creep Meaning in the Cambridge English Dictionary Cambridge dictionaries logo

Meaning of “creep” in the English Dictionary

"creep" in British English

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creepverb [I usually + adv/prep]

uk   us   /kriːp/ (crept, crept)

creepnoun

uk   us   /kriːp/ informal
(Definition of creep from the Cambridge Advanced Learner’s Dictionary & Thesaurus © Cambridge University Press)

"creep" in American English

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creepverb [I always + adv/prep]

 us   /krip/
(past tense and past participle crept  /krept/ ) to move ​quietly and ​carefully, usually in ​order to ​avoid being ​noticed: I crept around the ​corner, hoping my ​brother wouldn’t ​see me.
(past tense and past participle crept) to move very ​slowly: We were creeping along in rush-hour ​traffic.
Phrasal verbs

creepnoun [C]

 us   /krip/ slang
  • creep noun [C] (PERSON)

a ​person you ​think is ​unpleasant and to be ​avoided: That ​guyupstairs is such a creep.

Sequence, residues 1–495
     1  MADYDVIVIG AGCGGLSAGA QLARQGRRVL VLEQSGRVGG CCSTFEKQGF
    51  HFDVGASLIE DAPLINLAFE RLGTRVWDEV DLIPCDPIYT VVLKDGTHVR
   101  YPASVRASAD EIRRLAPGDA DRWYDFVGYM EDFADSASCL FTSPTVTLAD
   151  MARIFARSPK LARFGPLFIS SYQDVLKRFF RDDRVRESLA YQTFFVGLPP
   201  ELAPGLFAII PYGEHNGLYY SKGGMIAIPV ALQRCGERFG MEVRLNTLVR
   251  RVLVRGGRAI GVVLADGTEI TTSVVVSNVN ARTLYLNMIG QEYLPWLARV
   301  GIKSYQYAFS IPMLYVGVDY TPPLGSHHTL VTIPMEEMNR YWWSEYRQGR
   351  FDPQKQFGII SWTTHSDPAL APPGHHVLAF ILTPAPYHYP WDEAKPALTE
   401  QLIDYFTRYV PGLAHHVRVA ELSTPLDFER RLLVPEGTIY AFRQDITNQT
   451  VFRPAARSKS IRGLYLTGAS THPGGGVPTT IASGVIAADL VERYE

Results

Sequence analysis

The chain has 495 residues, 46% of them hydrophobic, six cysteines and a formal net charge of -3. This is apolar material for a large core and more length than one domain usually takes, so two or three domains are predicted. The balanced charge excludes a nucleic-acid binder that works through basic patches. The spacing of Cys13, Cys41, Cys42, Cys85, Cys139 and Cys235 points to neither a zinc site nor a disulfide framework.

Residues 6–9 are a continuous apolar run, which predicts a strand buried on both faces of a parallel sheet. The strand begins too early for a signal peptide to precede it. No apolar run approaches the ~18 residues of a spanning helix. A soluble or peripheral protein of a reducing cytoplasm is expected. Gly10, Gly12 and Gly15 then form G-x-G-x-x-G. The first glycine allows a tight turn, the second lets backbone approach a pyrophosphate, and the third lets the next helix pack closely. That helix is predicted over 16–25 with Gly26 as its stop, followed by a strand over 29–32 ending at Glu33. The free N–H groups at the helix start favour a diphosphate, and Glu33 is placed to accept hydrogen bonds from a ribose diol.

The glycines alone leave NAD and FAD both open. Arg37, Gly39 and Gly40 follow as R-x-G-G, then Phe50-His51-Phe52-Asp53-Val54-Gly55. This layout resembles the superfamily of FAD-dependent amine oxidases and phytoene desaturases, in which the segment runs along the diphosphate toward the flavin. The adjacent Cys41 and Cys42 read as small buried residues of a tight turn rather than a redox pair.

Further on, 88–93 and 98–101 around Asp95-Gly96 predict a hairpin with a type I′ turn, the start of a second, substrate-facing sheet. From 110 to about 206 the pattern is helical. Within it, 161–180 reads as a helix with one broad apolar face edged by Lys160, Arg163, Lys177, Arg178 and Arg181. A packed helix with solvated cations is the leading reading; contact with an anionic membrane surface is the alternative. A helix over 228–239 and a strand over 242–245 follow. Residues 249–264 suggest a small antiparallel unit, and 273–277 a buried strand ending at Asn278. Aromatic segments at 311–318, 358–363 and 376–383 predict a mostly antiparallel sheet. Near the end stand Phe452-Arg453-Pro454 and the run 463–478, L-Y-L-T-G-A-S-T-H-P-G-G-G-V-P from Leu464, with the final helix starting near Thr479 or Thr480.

(Definition of creep from the Cambridge Academic Content Dictionary © Cambridge University Press)

"creep" in Business English

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creepverb [I]

uk   us   /kriːp/
to ​change very slowly, especially to ​increase: Fuel ​pricesdropped in April, but they are ​starting to creep ​higher now.

creepnoun [U]

uk   us   /kriːp/
slow and gradual ​change, especially when something ​increases: Gasoline price creep has been noticeable recently. The ​economiccrisis now has a new ​dimension: the ​steady creep of ​inflation.
(Definition of creep from the Cambridge Business English Dictionary © Cambridge University Press)
What is the pronunciation of creep?
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“creep” in British English

“creep” in Business English

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